In the Philadelphia decision in September, Judge Julio M. Fuentes of the United States Court of Appeals for the Third Circuit had this to say about Annie S. Garcy, an immigration judge, or I.J., in Newark: "The tone, the tenor, the disparagement, and the sarcasm of the I.J. seem more appropriate to a court television show than a federal court proceeding."

Judge Garcy ordered Qun Wang returned to China, where he said his wife had been forcibly sterilized. "He's a horrible father as far as the court's concerned," Judge Garcy ruled, saying Mr. Wang was obsessed with having a son and did not pay enough attention to his daughter, who is disabled.

All of that was irrelevant to the issues before Judge Garcy, Judge Fuentes wrote, returning the case to the immigration system for a rehearing before a different judge. "The factual issue before" Judge Garcy, Judge Fuentes wrote, had been only "whether Wang's wife had been forcibly sterilized and whether, if he returned to China, the Chinese government would inflict improper punishment on him for leaving the country."

Through a spokeswoman, Judge Garcy declined to comment.

In another decision, Judge Marsha S. Berzon of the United States Court of Appeals for the Ninth Circuit, in San Francisco, said a decision by Nathan W. Gordon, an immigration judge, was "literally incomprehensible," "incoherent" and "indecipherable." A crucial sentence in Judge Gordon's decision, she said, "defies parsing under ordinary rules of English grammar."

Judge Gordon ordered Ernesto Adolfo Recinos de Leon returned to Guatemala, notwithstanding Mr. Recinos's testimony that he would be persecuted there for his political activities. Judge Berzon sent the case back to the immigration system for another hearing.

Judge Gordon, now retired, did not respond to a request for comment.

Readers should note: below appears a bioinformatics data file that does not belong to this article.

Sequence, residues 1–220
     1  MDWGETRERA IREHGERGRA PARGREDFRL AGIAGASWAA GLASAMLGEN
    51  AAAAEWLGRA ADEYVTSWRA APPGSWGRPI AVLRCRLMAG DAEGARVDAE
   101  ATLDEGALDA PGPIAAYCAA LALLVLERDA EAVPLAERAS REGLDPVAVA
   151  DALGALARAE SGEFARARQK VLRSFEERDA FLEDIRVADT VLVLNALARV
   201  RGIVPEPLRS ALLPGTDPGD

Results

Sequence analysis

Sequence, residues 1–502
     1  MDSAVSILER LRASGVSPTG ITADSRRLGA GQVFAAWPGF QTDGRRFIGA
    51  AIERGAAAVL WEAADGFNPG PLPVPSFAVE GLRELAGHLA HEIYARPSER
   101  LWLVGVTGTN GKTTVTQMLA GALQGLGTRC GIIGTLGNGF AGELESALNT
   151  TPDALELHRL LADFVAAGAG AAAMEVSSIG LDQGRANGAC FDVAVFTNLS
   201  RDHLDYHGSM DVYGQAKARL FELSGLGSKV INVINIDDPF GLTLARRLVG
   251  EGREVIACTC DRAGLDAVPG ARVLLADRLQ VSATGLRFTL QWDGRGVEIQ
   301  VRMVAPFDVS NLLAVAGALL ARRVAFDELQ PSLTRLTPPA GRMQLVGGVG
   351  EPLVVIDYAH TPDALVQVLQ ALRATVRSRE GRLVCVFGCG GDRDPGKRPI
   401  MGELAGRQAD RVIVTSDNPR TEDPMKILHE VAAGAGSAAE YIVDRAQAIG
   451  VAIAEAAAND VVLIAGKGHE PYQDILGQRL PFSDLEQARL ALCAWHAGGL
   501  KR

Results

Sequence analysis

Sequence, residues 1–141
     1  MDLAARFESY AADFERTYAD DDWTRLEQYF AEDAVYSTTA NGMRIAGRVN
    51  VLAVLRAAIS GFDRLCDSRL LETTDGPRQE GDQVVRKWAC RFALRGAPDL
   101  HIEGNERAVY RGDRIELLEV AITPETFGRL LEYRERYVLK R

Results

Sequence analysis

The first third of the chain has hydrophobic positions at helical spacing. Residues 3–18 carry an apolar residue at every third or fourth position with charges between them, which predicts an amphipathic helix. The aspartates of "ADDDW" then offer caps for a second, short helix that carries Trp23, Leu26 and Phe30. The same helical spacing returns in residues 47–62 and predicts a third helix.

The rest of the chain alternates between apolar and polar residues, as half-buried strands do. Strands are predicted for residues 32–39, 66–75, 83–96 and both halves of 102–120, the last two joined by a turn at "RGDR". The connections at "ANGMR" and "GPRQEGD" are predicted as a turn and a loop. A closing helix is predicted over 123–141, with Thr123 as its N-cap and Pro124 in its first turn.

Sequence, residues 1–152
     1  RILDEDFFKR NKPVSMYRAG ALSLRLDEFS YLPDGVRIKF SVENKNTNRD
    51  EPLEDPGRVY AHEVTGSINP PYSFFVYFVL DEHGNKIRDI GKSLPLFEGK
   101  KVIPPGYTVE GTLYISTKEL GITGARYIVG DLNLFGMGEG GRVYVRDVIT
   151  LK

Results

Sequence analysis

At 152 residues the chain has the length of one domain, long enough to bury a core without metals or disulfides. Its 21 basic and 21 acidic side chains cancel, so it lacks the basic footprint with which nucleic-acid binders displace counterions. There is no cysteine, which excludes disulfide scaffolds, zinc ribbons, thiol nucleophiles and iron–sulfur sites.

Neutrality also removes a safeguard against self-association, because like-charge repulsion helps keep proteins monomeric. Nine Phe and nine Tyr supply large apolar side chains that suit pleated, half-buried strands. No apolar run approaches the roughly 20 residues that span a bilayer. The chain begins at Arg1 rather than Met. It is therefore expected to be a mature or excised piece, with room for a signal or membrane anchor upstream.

A spokesman for the Executive Office for Immigration Review, the unit of the Justice Department responsible for immigration adjudications, declined requests for interviews with officials there but provided answers to written questions.

"We would caution against drawing broad conclusions," the statement said, "from a small number of cases in the federal courts." The nation's roughly 215 immigration judges, the statement continued, "handle more than 300,000 matters every year," and "the vast majority of I.J.'s do an excellent job given such a large caseload."

Denise Noonan Slavin, the president of the National Association of Immigration Judges, a union affiliated with the A.F.L.-C.I.O., said she was concerned about what she called the rising number of "scathing opinions" from federal appeals court judges.

"To go name-calling and having an open season on judges, it's crossing the line of civility," Judge Slavin said. "That is not to say that immigration judges don't make mistakes."

But Lory Diana Rosenberg, a former judge on the administrative body within the Justice Department that reviews decisions from immigration judges before they reach the federal appeals courts, said the recent criticisms were warranted.

"They're a brave, honest and proper reaction," Ms. Rosenberg said, "to a pattern of unfettered misuse of authority."

Mary M. Schroeder, the chief judge of the Ninth Circuit, which hears almost half of all immigration appeals, said the current system was "woefully inadequate."

Immigration judges, she said, "are very unevenly qualified, and they work under very bad conditions."

The people who appear before immigration judges often do not speak English, and their cases often turn in part on changing political and social conditions around the world. In a decision in March, Judge Posner wrote that immigration judges' "lack of familiarity with relevant foreign cultures" was "disturbing."

Judge Slavin, who sits in Miami, disagreed, saying she and her colleagues often had a sophisticated understanding of conditions in the most relevant countries, which are China for immigration judges in New York and Philadelphia; Eastern Europe for those in Chicago; Haiti, Columbia and Venezuela for those in Miami; and Central and South America for those in California.